When a Baptist friend in high school first drew Colleen Vermeulen’s attention to the bible, she couldn’t yet see or imagine how the Holy Spirit was at work intricately weaving together the details of her life, how her future would ultimately become rooted in the living Word of God. But one day, long after high school graduation with a couple of decades in the rearview mirror, this woman would look back and realize it was the Scriptures that had been a prominent driving force in her discovery of Jesus.
A cradle-Catholic, Colleen grew up in New Jersey. One of three children, she describes her family as “typical” in their religious practices and traditions. They attended Mass together; she went to CCD. As she puts it, they did all the “normal Catholic things,” and yet she recalls, “I didn’t have very much of an active faith life growing up.” With her faith life on auto-pilot, she was missing that personal relationship with Christ. But her first encounter with the bible put her on the path to more intimately seeking him. “That was the start of me as a Catholic teen having that first intentional disciple moment, you know, that drop the nets and actually seeking and wondering about God.”
In college, Colleen participated in the Army ROTC, a leadership program offered in select colleges and universities that equips young adults with military skills and career training. After graduating, she served in active duty as an officer in the Army for six years. During this time as a young adult, she was searching for validation in her belief in the Church. “Scripture was invaluable because I was still in a seeking phase. The Holy Spirit hadn’t really yet shown me in that concrete, undoubtable way the truth of the Church. You know we say in the creed, ‘I believe in the Church.’ It’s something we put our faith in. And I was seeking. I knew that Jesus was real, I knew that God was real, but I wasn’t sure about church yet.” It was during an Easter season Mass at St. Patrick’s in Ft. Bragg, North Carolina where she was stationed, that she received that grace, and she experienced her full conversion to believing in the Church. Colleen was 24-years-old, and she remembers the moment vividly, “My parish priest did some wonderful preaching on Acts of the Apostles, which is read in the Easter season, and that was the confirmation that God wanted to give me. That listening to Acts of the Apostles, I could see and feel beyond a shadow of a doubt that Jesus calls his followers to be one, to be in fellowship and together in the breaking of the bread.”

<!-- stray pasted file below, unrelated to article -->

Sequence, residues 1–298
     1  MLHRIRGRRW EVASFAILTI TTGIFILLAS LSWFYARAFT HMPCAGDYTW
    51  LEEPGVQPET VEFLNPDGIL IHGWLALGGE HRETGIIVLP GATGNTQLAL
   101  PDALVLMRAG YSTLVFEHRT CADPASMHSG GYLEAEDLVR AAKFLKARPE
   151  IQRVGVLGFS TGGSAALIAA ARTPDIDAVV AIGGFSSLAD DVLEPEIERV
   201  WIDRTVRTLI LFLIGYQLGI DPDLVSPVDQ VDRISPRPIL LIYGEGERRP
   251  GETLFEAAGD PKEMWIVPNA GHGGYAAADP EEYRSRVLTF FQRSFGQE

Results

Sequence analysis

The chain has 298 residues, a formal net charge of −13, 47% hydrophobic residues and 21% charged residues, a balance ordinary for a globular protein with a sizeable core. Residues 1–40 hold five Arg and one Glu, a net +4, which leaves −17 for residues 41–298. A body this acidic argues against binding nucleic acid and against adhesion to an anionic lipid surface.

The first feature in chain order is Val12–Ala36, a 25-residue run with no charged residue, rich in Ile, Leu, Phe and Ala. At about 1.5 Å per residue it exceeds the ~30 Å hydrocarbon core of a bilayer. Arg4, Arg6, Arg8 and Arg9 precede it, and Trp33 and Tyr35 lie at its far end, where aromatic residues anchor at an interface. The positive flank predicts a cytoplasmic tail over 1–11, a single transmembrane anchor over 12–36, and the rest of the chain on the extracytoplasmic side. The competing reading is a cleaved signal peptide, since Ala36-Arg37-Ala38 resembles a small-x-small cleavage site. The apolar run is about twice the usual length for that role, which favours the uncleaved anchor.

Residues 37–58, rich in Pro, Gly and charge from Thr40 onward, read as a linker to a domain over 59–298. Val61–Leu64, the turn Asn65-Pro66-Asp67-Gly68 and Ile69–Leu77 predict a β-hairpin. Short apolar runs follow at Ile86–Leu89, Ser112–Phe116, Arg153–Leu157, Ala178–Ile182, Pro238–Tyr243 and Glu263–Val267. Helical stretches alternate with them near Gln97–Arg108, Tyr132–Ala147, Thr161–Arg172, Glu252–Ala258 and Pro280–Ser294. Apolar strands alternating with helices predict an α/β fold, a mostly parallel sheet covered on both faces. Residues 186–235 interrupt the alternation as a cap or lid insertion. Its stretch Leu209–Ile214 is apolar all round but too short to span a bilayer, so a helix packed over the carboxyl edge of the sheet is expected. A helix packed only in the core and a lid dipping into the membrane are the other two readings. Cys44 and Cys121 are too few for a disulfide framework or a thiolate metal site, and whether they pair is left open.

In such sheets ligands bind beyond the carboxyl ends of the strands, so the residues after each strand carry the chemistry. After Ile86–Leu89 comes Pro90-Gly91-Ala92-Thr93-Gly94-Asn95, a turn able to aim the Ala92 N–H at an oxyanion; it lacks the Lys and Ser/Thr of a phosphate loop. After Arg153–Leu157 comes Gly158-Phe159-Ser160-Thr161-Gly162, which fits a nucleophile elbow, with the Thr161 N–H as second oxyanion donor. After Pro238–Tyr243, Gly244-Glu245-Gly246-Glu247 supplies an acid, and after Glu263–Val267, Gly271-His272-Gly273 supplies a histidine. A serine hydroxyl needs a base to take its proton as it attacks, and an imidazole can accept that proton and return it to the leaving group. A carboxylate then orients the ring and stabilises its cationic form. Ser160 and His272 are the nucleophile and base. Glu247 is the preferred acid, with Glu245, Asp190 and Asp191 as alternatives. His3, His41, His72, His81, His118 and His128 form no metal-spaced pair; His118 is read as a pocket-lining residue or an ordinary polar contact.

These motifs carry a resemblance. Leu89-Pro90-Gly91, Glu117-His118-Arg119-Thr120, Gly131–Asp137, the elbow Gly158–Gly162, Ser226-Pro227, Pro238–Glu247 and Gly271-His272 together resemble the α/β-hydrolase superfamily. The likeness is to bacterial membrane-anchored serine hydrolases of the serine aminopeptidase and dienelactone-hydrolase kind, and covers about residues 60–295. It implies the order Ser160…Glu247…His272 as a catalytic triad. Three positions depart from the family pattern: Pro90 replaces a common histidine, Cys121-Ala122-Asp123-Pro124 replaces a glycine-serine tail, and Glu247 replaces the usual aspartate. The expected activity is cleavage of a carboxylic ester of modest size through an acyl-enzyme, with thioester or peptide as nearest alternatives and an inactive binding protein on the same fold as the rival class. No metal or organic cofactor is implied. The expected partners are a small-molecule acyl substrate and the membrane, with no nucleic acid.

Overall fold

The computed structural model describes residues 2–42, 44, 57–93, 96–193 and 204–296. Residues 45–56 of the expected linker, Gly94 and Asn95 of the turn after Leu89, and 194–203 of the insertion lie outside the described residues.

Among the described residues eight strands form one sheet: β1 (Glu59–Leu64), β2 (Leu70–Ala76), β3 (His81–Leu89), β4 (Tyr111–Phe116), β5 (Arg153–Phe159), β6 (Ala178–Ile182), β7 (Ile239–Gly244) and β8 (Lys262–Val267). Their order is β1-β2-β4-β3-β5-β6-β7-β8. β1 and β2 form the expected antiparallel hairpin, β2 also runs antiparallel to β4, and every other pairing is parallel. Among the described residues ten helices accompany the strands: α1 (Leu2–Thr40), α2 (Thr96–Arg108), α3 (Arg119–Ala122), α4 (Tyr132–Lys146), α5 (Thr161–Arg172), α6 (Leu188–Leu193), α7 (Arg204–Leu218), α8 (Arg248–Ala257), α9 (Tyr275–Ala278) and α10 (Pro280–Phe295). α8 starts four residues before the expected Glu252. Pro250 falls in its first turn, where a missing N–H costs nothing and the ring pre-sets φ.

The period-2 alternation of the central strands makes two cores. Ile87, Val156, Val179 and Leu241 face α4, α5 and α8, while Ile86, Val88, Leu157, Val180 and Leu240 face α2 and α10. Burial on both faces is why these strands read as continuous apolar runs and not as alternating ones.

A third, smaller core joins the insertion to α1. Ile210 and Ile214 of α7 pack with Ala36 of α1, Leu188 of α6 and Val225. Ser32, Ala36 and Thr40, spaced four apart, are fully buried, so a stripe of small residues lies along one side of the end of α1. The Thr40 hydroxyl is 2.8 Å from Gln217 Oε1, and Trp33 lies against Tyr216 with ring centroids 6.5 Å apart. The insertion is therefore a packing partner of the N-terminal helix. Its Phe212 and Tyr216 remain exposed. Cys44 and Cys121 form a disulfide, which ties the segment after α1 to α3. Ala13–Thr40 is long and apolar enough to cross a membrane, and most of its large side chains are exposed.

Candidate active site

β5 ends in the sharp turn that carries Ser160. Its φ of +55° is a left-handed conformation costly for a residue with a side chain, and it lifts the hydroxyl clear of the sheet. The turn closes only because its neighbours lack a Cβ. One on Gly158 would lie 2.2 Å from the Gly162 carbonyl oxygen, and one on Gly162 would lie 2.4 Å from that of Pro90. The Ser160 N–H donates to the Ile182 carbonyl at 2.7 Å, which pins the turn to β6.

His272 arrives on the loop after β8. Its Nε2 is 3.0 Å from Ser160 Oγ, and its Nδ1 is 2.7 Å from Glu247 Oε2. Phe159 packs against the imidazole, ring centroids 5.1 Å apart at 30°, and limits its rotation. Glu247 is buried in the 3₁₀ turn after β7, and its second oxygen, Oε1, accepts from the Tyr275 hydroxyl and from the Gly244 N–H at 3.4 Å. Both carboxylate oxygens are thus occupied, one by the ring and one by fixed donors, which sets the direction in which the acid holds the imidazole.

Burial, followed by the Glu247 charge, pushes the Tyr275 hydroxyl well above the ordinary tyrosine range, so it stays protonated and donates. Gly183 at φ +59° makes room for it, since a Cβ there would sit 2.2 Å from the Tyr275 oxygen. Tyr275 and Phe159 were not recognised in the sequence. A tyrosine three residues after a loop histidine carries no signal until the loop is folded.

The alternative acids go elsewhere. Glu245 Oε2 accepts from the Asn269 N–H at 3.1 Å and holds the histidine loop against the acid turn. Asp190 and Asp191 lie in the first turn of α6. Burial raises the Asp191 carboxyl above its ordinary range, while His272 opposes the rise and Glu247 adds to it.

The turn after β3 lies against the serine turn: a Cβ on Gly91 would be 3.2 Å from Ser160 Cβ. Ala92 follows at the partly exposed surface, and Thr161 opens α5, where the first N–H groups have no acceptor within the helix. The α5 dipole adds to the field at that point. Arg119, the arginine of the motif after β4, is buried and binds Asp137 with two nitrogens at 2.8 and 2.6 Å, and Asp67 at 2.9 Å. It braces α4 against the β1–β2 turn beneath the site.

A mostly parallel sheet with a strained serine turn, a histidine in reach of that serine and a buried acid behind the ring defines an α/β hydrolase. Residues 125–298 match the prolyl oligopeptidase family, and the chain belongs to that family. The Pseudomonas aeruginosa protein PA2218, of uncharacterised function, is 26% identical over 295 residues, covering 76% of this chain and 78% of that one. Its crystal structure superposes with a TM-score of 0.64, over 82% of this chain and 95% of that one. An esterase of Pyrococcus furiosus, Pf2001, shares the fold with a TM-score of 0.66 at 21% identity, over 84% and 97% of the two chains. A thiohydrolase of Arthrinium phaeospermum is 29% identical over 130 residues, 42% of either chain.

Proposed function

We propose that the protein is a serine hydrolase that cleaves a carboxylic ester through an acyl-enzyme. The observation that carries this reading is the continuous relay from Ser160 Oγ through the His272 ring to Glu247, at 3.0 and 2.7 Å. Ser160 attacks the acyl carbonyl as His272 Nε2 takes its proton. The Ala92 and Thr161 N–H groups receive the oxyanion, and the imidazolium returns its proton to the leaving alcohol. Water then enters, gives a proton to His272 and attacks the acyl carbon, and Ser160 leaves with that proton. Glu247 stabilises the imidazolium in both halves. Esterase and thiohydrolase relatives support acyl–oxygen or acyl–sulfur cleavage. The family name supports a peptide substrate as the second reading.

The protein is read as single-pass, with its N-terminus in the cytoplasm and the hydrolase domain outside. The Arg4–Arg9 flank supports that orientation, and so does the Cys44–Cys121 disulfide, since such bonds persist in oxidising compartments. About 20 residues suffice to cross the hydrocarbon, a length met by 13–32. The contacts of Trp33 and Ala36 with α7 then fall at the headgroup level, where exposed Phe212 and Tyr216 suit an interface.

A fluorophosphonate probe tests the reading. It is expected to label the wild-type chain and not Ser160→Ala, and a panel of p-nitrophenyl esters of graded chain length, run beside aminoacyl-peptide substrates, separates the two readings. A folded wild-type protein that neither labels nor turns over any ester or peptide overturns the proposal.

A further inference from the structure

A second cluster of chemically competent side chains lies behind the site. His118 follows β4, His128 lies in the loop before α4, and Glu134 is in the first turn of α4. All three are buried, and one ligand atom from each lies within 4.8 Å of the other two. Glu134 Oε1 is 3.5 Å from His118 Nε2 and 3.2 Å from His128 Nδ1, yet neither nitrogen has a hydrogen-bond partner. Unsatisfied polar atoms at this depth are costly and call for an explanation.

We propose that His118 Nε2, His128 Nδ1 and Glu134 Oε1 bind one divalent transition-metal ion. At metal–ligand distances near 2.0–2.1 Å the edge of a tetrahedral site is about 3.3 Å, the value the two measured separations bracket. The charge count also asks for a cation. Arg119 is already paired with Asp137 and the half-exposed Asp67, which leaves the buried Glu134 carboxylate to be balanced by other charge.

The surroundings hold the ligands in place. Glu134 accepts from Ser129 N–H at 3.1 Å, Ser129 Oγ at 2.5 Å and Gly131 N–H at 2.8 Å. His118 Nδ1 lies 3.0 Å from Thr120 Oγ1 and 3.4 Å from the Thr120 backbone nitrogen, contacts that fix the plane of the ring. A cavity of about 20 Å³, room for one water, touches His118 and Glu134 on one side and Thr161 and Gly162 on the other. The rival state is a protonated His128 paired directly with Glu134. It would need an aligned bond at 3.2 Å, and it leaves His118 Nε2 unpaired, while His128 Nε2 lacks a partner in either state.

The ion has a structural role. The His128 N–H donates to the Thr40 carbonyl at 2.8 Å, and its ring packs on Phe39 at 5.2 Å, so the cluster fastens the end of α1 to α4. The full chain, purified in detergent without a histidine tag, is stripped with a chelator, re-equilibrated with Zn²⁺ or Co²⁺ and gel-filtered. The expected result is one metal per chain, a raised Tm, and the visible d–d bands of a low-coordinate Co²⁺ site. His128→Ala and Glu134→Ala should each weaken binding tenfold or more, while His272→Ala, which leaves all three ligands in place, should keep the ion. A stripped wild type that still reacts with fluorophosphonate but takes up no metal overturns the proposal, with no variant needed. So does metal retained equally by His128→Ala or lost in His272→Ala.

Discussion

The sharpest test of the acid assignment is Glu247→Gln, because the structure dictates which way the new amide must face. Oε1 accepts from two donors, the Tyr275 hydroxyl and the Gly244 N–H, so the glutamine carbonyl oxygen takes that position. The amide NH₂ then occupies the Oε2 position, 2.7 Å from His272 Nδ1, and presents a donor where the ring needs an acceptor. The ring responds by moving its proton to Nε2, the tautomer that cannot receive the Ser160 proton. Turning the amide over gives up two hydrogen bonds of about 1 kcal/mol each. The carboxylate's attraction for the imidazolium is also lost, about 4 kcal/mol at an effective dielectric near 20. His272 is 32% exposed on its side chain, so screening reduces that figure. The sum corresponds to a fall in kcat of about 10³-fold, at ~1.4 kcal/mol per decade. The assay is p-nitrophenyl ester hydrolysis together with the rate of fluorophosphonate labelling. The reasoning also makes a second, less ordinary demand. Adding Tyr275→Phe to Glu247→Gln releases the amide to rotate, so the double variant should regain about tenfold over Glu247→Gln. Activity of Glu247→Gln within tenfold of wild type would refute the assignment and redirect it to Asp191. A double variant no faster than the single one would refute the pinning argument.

Serving in the military gave Colleen the unexpected opportunity to diversify her spiritual life. She deployed twice overseas: once in Afghanistan, and a15-month deployment in Iraq. It was in thinking about what she was going to do spiritually while deployed that Colleen purchased her first copy of the Liturgy of the Hours. “By having a lot of the distractions of normal life back in the United States cut out,” she was able to grow in her spiritual life on foreign soil.
Being in a remote operating base on deployment, Colleen wasn’t often presented with the opportunity to attend Mass. But on her way back from Afghanistan in 2006, she was able to participate in a noon mass in the chapel tent at Manas Air Base in Kyrgyzstan, where it was just she and the priest in attendance. When it came time for the readings, the priest graciously went and sat in the chairs so Colleen “wasn’t proclaiming to an empty tent.” That moment struck her. Because while the “Mass is the privileged place where the Church invites us to listen to the scriptures together,” there is a uniqueness in our relationship with Scriptures that allows the Lord to directly communicate to any one of us during a given time, whether at Mass with many or alone in prayerful reflection. Colleen recalls, “The true dialogue that God has with us in the Scriptures, especially at Mass, was so visually present to me by this unusual arrangement. While there are lots of people (usually) at a Mass, it’s still our Lord truly speaking to each one of us, as if we were the only person there.”